Sydney – Oil from a huge Chinese ship which grounded in the Great Barrier Reef has hit a world-renowned nature sanctuary, officials said on Wednesday, raising fears for seabirds and baby turtles now hatching there.
Clean-up crews and environmental experts were flown in by helicopter to North West Island, a breeding site for hundreds of thousands of seabirds and turtles, where clumps of oil have fouled about 1km of beach.
The 230 metre Shen Neng 1 leaked about two tonnes of oil after blundering into the reef on April 3, angering officials who have promised stiff punishment. The giant coal-carrier was refloated and towed away on Monday.
“It hasn’t come ashore in large globules or carpets,” Patrick Quirk, general manager of Marine Safety Queensland, told public broadcaster ABC.
“Our advice from the rangers on the island is that it’s at the top of the tide line in patches, and that gives us some comfort.
“But we need to get our specialist beach clean-up experts and they’ll report to us immediately what is there and if needed, we’ll fly out more people to the island.”
Queensland’s state transport minister Rachel Nolan said initial reports described only a “very small amount” of oil. However, Environment Protection Minister Peter Garrett feared oil may also have hit other islands.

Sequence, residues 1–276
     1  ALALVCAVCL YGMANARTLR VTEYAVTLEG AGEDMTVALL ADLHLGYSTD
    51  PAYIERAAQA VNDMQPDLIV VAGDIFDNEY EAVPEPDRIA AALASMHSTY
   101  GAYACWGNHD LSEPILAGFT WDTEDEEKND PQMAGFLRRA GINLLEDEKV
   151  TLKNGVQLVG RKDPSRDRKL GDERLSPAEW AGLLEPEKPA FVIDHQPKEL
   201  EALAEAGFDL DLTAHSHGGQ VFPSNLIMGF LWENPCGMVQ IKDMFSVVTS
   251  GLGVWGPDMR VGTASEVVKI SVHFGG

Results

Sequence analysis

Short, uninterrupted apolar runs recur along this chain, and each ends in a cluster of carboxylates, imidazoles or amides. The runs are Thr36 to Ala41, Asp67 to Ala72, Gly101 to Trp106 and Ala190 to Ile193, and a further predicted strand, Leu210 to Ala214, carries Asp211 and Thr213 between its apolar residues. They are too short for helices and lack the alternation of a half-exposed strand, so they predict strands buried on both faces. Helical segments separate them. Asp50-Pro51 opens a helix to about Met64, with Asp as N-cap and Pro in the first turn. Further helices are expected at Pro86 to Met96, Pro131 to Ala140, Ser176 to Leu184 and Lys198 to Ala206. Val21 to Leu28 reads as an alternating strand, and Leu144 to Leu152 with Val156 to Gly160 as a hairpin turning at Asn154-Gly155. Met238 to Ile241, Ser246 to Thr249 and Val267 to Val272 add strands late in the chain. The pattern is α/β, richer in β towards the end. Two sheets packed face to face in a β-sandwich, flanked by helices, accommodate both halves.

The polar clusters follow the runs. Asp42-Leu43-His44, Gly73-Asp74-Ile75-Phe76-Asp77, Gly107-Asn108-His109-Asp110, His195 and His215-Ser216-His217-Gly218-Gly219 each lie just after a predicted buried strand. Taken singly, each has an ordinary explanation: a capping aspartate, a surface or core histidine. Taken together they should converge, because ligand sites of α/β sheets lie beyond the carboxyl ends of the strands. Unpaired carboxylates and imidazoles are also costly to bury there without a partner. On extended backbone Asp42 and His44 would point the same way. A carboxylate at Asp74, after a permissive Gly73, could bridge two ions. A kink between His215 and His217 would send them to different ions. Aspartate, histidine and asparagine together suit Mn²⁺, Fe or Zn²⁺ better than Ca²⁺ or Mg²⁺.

“I’m certainly very concerned that some of the neighbouring islands there, like Tryon Island, might also have also been contaminated,” he said.
Conservationists describe North West Island as a globally important nesting site for seabirds and green and loggerhead turtles, which are currently hatching and travelling down the beach.
Darren Kindleysides, director of the Australian Marine Conservation Society, said even small amounts of oil can affect wildlife.
“We’re not talking about a super tanker going aground and releasing tonnes and tonnes and tonnes of oil,” he said.
“But we are talking about oil reaching a coral key which is globally important for seabird breeding and the nesting of green and loggerhead turtles.
“Unfortunately this is the time of year we have turtle hatchlings going down the beach… so that is a real concern.”
Australian officials have expressed anger after the Shen Neng 1 blundered into part of the world heritage-listed reef at full speed, accusing the crew of taking an illegal route.
About two tonnes of oil spilled out of the giant ship when it rammed into Douglas Shoal, creating a 3km slick.
The vessel also carved a kilometres-long gouge in the delicate coral reef which experts say could take 20 years to recover.
Officials are probing claims ships ferrying Australia’s booming resources exports to Asia are taking short-cuts through the world’s biggest coral reef, which is already under pressure from rising sea temperatures and pollution.